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Miami Beach commissioners ponder taxpayers’ share of convention center redevelopment

After being dazzled for months by stunning designs of what a redeveloped Miami Beach Convention Center district could look like, commissioners on Wednesday got their first serious look at the public price tag associated with the massive project.

After a full day of meetings, only one thing was clear: Commissioners want more time to “digest” the financials.

“I just want to understand the numbers better,” said Commissioner Ed Tobin.

That’s going to take time, and City Manager Jimmy Morales said during Wednesday’s meeting that commissioners aren’t likely to vote on a plan on June 5, as originally scheduled.

Miami Beach is in the final stages of choosing between two teams — South Beach ACE, headed by New York-based Tishman Hotel & Realty and Portman-CMC, headed by Atlanta-based Portman Holdings — to execute one of the biggest urban revitalization projects in the country. Where there is now 52-acres of parking lots, an aging convention center and almost no landscaping, the city wants a team of master developers and architects to create a new urban core that connects neighborhoods, overhauls the convention center and adds an affordable hotel to serve convention-goers.

The competition has attracted some of the most well-regarded architecture firms in the world. ACE has Rem Koolhaas and his firm, the Office for Metropolitan Architecture on their side; Portman has enlisted Bjarke Ingels and his firm, the Bjarke Ingels Group.

The city envisions paying for improvements to the parts of the convention center district that will remain in the public’s hands, such as the convention center and road improvements. The cost of any private development, such as retail space and rental housing, would fall to developers, who would pay to lease the publicly-owned land they propose to build on.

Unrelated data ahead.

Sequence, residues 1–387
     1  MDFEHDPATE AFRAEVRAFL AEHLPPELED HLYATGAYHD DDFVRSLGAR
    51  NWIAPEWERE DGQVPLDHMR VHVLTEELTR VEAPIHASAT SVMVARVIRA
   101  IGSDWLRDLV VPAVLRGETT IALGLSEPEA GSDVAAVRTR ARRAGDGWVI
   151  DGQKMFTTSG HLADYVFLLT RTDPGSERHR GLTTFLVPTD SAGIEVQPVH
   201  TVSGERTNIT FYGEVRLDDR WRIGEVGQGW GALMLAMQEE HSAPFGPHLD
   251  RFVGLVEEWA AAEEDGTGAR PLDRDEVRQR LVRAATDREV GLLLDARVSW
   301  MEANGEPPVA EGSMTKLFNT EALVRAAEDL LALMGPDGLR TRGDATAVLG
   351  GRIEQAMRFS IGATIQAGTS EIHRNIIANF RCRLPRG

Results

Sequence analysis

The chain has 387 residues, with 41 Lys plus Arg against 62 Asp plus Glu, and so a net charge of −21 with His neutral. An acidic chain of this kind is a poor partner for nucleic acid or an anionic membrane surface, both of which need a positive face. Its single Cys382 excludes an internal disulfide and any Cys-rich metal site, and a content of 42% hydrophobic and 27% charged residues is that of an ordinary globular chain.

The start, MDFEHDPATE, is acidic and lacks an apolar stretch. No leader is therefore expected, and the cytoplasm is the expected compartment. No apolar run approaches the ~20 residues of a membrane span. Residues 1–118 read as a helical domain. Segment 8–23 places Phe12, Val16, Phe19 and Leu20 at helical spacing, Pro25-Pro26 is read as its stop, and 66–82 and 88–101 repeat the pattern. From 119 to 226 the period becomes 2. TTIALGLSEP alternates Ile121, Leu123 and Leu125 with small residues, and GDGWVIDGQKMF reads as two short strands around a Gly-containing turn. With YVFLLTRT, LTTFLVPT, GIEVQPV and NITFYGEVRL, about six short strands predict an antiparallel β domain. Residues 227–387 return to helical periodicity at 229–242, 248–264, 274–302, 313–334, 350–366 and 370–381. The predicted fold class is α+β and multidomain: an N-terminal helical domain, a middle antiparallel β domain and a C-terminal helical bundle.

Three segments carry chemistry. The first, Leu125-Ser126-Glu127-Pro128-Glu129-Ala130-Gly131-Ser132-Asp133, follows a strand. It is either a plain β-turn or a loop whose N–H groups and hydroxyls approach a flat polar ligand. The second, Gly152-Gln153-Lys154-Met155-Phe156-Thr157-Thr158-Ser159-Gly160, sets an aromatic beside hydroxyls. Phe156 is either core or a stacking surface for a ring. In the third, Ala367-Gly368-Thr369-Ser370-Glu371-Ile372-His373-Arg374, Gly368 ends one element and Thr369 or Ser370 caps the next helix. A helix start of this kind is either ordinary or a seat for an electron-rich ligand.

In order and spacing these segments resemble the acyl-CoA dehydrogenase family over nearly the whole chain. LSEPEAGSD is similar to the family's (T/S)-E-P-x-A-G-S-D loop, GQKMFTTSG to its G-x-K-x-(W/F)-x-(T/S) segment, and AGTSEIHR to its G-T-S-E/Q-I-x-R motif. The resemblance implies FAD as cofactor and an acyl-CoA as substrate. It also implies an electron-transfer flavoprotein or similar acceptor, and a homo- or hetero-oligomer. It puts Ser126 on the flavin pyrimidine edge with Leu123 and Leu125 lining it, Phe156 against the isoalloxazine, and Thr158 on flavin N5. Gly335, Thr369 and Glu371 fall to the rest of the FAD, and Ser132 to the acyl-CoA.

In proposals submitted to the city, Portman says it can get the entire job done for $1.15 billion. ACE says it will take $1.2 billion. Ultimately, Portman’s plan would require $73.4 million less in public investments than ACE’s, according to a breakdown by the Strategic Advisory Group, the city’s consultant handling the convention center deal.

According to the group’s comparison:

• Portman’s convention center, which would cost $498 million, is less expensive than ACE’s, which would cost $506.2 million. Dan Tishman of the ACE group, however, says his team is building is a “fancier, more complicated project.”

• Portman would make $81 million more in lease payments to the city. Representatives from ACE say the difference is largely explained by the fact that Portman proposes to lease more space for retail development, and that local businesses don’t want so much competition built at the convention center site. Portman says the difference in square-footage isn’t that big, because ACE doesn’t include a “food and beverage” building, which would serve the hotel, in its count.

The city could pull from a few pots of money to pay for the development.

Miami Beach already gets about $4.5 million a year from the county’s convention development tax. Another $54 million in already-issued bonds is also at the city’s disposal. Additionally, voters in August 2012 approved a hotel tax increase of up to one penny specifically to pay for improvements to the convention center — but that new tax would have to be passed by the City Commission, and would not take effect until the city has a plan in place for the redevelopment, according to an opinion by the city attorney’s office. The city could also use $90 million in funds from its redevelopment agency, according to the analysis by the advisory group.

Costs could also be defrayed by lease payments made to the city by developers, and the taxes their new buildings would generate.

Commissioners will take another look at the numbers at a finance meeting on Wednesday.

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